3. We’ve always done it this way, and it works. Why change?

4. It is trouble enough getting my OSRs to complete sales orders and follow up on deliveries; I’ll never get them to keep up with a CRM system.

5. I want my salespeople out with customers, not fooling around with some software program.

Tucker sees these as minor problems that let dealers avoid tackling a bigger problem. “The real value of CRM is the customer data belongs to the company and not the salesperson,” he says. “Too often, and often purposefully, the salesperson knows, believes he owns, and sequesters customer information. He or she believes, correctly, that this knowledge is transportable to another position. Companies that do not require non-competes and allow their salespeople to control customer relations are setting themselves up for problems.”

Larry Adams, former chief of the Southern Building Material Association and now manager at Robinson Builders Mart in Newton, N.C., agrees with Tucker but then goes further. “Most customer knowledge is presently in the hands and brains of our salespeople, not the company,” he says. “That is why so many dealers are scared of losing their salespeople to a competitor. CRM helps track and keep that contact and even personal customer information.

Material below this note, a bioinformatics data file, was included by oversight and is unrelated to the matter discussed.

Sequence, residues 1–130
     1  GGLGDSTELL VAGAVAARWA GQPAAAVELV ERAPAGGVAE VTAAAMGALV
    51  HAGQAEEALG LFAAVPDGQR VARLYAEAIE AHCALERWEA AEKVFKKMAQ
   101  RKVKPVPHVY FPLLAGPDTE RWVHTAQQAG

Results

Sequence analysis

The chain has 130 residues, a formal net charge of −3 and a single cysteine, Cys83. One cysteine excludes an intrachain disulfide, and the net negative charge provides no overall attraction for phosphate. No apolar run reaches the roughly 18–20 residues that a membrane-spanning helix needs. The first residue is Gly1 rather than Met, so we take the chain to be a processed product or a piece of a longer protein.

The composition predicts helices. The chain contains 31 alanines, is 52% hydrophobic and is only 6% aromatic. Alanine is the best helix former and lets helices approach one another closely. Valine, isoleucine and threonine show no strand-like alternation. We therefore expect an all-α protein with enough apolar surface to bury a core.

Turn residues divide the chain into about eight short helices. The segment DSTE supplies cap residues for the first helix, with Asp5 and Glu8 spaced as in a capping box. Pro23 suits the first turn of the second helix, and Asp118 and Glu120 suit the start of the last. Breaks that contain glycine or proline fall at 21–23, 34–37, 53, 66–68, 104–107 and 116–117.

“The value of a CRM system isn’t in the product or the features it offers; it’s how it’s used,” Adams adds. “And just like anything of value, this takes time. That is where the lack of use in our industry lies. Many dealers will not take the time to research, buy, and train their employees. The reason salespeople dislike and resist CRM is that they see it only as a management tool and not a real sales tool. We fail to take the necessary time to prove to them that it is a true sales tool that will make them more productive—and ultimately more money.”

Golden Prospects